Council Christmas card warns London tenants to 'pay your rent'

Postcard advises tenants not to 'overindulge' over the festive period

Christmas cards which have been distributed to west London tenants by Hammersmith and Fulham Council have been causing a stir for warning residents to "pay your rent".

The cards, which were distributed across approximately 17,000 households, advises tenants not to "overindulge" during the festive period. The text is accompanied by an image showing a pound coin fizzing in a glass.

Underneath the image, the text reads: "If you are having trouble paying your rent, we want to help" and advertises the number of a helpline for tenants who are struggling to keep up with payments.

Speaking on BBC London 94.9, Tina Buckley, who has lived with her mother Mary in a council property for 25 years, described the card as a "threatening piece of literature masquerading as a Christmas greeting".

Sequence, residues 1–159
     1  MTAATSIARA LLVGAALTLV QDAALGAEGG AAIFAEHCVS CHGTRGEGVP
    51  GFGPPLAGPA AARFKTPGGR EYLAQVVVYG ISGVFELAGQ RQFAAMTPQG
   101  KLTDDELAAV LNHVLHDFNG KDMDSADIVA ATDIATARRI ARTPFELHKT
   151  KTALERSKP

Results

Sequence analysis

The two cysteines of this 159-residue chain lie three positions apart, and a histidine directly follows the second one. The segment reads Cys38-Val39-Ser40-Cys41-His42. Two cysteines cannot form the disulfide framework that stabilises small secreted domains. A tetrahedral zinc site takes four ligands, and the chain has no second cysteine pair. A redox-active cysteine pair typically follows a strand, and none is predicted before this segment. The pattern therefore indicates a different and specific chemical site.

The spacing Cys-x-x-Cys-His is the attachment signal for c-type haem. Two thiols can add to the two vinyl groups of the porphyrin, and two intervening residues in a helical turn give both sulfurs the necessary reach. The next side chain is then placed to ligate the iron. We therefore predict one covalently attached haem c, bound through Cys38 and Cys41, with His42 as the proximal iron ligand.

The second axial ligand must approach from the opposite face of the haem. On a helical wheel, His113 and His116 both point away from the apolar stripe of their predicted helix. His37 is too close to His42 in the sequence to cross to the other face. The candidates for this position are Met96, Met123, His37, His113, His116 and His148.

"What's made me so angry is my mum's been a tenant for 60 years", she said.

"She's never been behind with her rent and when we were young and there wasn't much money she'd pay her rent before she'd feed us and clothe us and heat the house."

Hammersmith and Fulham Council told The Independent it was "delighted" at the coverage the card has thus far received, because "it has raised the profile of a very serious issue" and it wants to prevent tenants from falling into rent arrears.

"Forty-six per cent of our tenants are in arrears, and we want to offer these tenants help and also stop people who have an unblemished record from getting into that mess," a spokesperson said.

Cllr Andrew Johnson, Hammersmith and Fulham Council Cabinet Member for Housing, said the postcard was not intended to be insulting and was instead issued "to deter tenants from getting into debt over a period which can bring financial headaches" and rent arrears can spike.

He said: "Research shows that this is the one time of year that many families will consider forgoing their rent. This brings stress and worry as it can often be very difficult to catch-up. We want to prevent this from happening while offering support to people who are experiencing financial hardship."

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